Women outperform men when it comes to investing over a three-year period as they hold more diverse portfolios and less risky investments, according to research from Hargreaves Lansdown.
The research looked at investments between August 2014 and August 2017 and found the firm's female clients saw their investment rise by 0.81% more, on average, than men's investments over the three-year period.
If this was replicated over 30 years, women would end up with a 25% larger portfolio than men.
Roughly a third of both men and women saw returns of 30% or more over the period.
The firm said reasons for this outperformance by women included the fact they had more diverse portfolios, held less risky investments, were more likely to 'buy and hold' and were more likely to invest via an ISA.
Some 44% of women had their portfolios in funds versus 38% of men and women traded shares 49% less frequently than men meaning they incurred fewer trading costs.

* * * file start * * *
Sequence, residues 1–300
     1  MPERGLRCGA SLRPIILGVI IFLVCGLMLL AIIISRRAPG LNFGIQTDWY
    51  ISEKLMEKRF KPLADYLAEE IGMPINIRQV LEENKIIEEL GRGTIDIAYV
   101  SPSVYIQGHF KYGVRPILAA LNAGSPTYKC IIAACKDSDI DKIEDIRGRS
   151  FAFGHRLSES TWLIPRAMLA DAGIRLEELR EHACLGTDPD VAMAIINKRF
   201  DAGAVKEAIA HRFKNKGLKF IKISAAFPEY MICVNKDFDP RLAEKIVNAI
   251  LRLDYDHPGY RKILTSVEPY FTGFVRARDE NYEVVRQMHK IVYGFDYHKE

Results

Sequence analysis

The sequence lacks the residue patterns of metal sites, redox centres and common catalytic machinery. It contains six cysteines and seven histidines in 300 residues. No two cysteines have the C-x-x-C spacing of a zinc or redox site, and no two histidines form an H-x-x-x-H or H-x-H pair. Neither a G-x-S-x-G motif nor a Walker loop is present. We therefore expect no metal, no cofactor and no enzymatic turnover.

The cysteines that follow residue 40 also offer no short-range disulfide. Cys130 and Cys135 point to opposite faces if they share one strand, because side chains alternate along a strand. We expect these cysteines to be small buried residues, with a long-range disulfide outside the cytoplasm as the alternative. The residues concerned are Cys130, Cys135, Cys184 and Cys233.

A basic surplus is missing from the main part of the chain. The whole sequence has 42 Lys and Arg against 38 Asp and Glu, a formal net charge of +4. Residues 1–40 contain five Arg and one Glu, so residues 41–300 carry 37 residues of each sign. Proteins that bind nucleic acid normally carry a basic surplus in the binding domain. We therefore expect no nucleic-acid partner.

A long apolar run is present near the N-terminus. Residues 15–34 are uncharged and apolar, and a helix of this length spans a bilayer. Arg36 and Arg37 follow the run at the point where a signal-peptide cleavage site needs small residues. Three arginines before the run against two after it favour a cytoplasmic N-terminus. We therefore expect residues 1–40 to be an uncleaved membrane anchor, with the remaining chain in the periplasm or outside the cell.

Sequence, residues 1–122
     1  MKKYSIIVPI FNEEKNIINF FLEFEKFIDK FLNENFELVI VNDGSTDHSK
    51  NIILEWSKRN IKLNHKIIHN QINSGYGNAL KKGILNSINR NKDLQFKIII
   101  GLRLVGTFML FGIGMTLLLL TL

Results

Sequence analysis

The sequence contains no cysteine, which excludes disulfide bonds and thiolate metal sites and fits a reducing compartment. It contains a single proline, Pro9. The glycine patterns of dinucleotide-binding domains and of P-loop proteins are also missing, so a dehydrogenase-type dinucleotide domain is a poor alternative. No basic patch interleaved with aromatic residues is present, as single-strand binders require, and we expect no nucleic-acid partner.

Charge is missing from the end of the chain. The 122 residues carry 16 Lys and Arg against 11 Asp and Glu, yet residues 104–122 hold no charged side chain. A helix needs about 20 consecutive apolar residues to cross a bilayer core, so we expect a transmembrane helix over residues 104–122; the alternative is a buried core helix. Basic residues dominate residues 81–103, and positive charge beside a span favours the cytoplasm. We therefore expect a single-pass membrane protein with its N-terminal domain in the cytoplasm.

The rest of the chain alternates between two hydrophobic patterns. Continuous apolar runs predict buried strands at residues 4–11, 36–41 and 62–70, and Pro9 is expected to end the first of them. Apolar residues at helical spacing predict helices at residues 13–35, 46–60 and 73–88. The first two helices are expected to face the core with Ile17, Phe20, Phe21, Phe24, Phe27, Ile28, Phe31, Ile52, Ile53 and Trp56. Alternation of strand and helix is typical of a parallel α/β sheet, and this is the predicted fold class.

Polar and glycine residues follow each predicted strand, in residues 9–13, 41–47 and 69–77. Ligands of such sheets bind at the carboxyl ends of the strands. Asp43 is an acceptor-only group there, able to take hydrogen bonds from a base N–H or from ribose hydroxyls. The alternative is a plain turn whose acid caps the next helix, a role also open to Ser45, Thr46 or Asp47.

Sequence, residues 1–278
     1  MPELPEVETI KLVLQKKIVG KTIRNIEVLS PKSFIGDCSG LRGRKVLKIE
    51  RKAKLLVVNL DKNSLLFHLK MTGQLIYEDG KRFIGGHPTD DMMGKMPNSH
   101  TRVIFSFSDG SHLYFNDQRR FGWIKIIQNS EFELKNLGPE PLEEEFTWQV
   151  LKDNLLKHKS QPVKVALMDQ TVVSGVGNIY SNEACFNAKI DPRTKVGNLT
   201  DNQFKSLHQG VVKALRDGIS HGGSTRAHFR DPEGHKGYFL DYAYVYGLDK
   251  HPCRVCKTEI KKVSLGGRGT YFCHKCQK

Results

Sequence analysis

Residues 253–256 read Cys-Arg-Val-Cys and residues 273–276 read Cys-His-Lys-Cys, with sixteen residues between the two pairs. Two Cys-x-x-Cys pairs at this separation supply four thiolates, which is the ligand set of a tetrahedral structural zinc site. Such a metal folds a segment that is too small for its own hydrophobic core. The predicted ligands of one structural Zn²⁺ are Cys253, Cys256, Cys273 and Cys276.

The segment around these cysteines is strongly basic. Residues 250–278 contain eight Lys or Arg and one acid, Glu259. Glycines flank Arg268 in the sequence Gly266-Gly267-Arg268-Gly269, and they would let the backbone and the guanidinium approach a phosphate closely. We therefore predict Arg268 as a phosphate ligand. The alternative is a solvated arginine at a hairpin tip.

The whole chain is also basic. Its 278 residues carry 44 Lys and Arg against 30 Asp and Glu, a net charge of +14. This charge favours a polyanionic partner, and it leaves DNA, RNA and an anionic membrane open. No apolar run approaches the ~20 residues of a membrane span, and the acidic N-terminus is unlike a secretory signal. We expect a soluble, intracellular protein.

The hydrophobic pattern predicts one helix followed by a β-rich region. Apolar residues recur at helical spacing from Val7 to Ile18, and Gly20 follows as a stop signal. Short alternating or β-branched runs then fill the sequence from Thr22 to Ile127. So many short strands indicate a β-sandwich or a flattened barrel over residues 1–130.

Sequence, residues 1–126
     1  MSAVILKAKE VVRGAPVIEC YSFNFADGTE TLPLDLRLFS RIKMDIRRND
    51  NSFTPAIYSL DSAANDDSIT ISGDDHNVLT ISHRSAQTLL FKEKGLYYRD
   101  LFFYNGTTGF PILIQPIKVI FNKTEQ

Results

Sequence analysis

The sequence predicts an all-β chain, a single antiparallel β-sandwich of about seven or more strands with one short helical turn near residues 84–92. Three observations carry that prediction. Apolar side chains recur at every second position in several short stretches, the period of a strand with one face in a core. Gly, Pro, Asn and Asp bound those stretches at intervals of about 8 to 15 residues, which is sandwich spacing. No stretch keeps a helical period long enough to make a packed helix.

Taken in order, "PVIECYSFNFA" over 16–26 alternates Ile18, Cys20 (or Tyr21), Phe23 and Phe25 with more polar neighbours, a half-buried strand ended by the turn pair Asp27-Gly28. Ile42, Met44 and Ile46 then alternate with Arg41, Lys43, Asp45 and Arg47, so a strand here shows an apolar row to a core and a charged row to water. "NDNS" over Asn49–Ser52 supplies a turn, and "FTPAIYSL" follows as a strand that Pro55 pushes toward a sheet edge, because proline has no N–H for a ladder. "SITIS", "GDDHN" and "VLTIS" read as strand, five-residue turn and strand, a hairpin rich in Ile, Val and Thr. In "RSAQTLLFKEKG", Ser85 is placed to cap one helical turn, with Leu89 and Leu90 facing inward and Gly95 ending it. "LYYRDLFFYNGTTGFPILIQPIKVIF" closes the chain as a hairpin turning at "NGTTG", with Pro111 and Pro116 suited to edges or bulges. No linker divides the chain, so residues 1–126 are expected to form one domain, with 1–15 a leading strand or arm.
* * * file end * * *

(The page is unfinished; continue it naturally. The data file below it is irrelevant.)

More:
Sarah Coles, personal finance analyst at Hargreaves Lansdown, said: "Women are far better investors than they think they are. They are often held back by a concern that they don't have sufficiently in-depth knowledge, or that they don't want to take on too much risk.
"This analysis demonstrates that these concerns are misplaced. Women who invest overwhelmingly have the knowledge they need in order to make sound investment decisions. And rather than working against them, their determination not to take excessive risks with their investments is one of the things that makes them such good investors."
Last year, Investment Week held its first Women in Investment awards to celebrate women working in asset and fund management.